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School boards tell parents support is available after recent student suicide in the region

A Central Wellington District High School student died by suicide on Sunday, says the school's principal
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In reaction to the recent death by suicide of a Fergus high school student, the local school boards and Canadian Mental Health Association are telling parents some signs to watch for in children who may be affected by the death and to let them know the supports that are available.

In a letter signed Monday by Chad Warren, Centre Wellington District High School principal, parents were informed a student at the school had died Sunday by suicide.

The letter includes tips on how parents can speak to their children about suicide and provided contact information for a child and youth counselor, a social worker and the head of guidance at the Fergus high school.

“I also encourage you to let your child know that you are aware of the incident and that you will listen to their concerns at any time they wish to share them. Staying connected and engaged with your child is one of the best ways to support them,” wrote Warren.

The Upper Grand District and Wellington Catholic District school boards issued a joint letter Thursday, along with Canadian Mental Health Association Waterloo Wellington, to inform all parents in the district about the death.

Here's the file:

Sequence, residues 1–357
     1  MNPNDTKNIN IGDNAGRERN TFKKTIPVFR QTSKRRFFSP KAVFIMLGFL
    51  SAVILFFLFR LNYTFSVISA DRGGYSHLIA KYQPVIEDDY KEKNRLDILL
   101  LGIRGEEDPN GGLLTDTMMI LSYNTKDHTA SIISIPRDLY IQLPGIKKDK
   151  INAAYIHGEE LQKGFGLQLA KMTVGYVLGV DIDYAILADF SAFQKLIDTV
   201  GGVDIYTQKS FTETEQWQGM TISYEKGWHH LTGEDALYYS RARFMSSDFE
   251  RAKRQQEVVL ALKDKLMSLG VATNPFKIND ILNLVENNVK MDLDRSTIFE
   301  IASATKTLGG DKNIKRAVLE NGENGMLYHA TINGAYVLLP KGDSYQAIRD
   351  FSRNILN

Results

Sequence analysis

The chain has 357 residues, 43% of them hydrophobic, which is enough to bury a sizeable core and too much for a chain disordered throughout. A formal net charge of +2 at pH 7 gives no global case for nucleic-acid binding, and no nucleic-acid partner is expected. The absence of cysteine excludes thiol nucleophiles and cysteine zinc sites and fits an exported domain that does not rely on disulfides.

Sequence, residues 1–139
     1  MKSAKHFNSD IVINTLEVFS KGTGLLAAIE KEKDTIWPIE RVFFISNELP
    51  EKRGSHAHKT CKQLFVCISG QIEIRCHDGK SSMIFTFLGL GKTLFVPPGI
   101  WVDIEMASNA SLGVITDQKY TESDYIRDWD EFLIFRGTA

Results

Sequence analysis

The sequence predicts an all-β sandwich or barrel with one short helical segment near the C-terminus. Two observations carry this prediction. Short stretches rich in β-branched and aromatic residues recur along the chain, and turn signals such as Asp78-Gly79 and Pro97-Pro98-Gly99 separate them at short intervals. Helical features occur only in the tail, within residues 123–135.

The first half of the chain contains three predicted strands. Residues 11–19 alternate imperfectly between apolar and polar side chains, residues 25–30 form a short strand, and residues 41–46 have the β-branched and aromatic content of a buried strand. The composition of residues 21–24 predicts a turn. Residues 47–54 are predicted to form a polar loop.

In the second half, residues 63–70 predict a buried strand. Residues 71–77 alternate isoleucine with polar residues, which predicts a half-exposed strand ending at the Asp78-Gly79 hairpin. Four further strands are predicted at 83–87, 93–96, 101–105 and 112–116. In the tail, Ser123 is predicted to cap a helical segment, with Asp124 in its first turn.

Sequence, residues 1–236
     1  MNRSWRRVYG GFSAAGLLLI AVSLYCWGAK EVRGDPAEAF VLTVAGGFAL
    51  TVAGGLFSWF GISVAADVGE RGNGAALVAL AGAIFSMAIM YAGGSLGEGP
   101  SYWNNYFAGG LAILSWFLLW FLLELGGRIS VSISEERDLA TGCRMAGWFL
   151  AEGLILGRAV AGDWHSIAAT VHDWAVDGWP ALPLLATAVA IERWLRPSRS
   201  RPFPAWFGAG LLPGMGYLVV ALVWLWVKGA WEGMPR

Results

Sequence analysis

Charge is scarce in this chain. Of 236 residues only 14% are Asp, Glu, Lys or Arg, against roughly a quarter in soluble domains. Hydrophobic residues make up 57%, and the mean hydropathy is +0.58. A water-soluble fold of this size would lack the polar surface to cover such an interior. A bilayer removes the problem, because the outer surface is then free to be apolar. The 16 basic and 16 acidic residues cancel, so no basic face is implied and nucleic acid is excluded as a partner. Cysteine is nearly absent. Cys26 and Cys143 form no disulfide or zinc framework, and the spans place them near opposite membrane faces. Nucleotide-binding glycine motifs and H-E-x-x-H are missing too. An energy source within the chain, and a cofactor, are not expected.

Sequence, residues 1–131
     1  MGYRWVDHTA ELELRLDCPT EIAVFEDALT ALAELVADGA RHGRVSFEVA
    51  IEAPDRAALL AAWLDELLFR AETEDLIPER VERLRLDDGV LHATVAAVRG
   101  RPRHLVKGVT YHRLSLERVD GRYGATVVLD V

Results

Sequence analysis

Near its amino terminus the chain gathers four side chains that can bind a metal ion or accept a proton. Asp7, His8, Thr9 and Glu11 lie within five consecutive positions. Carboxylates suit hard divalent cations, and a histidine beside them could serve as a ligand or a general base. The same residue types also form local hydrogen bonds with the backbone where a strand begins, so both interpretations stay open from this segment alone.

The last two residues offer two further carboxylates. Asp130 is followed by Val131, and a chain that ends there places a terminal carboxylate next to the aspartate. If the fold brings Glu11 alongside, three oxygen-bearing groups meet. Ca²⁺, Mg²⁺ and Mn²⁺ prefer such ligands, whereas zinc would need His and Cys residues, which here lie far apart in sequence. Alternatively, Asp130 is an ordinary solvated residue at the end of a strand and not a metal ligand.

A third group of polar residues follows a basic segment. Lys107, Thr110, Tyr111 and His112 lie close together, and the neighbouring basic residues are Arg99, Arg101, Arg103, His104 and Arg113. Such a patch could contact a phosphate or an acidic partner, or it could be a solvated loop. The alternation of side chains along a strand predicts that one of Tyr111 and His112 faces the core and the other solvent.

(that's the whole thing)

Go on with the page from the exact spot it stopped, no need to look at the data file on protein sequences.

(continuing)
“Adolescents can be profoundly affected, even if not personally connected to the people involved in the events. Most often, adolescents seek out the support of friends but will still need adult help and will benefit from your support and listening, when needed,” said the joint letter.

Staff at schools across the district have been briefed on how to identify distressed students and the joint letter notes child and youth counselors, psychologists, social workers and Chaplains at the Catholic Board are available to support students if the want to talk.

“Normal grief reactions can be very intense for children and adolescents and can be quite different at different ages. Young children may need more comfort and reassurance, middle-aged children might have a need to talk and ask many, possibly difficult questions,” said the joint letter.

In addition to accessing online resources, Warren said Guidance Office staff can provide paper copies of the resources at the request of parents.

Parents in Guelph and Wellington County concerned about how their children are dealing with the situation are encouraged to contact their school or to access emergency resources, like the 24-hour crisis line Here24/7 at 1-844-437-3247.

Warren noted two important messages in his letter, that everyone should seek help from others when feeling down or vulnerable and that young people should tell an adult if they are worried about a friend hurting themselves.

If your child is already using the services of a mental health professional, said Warren, the information about the death of the student should be passed on to them.

Warren said the school will concentrate on supporting their students and staff over the next few months.

“This means, among other things, returning the school to normal routines as soon as possible and recognizing that students can be affected by this event for many months to come,” he said.


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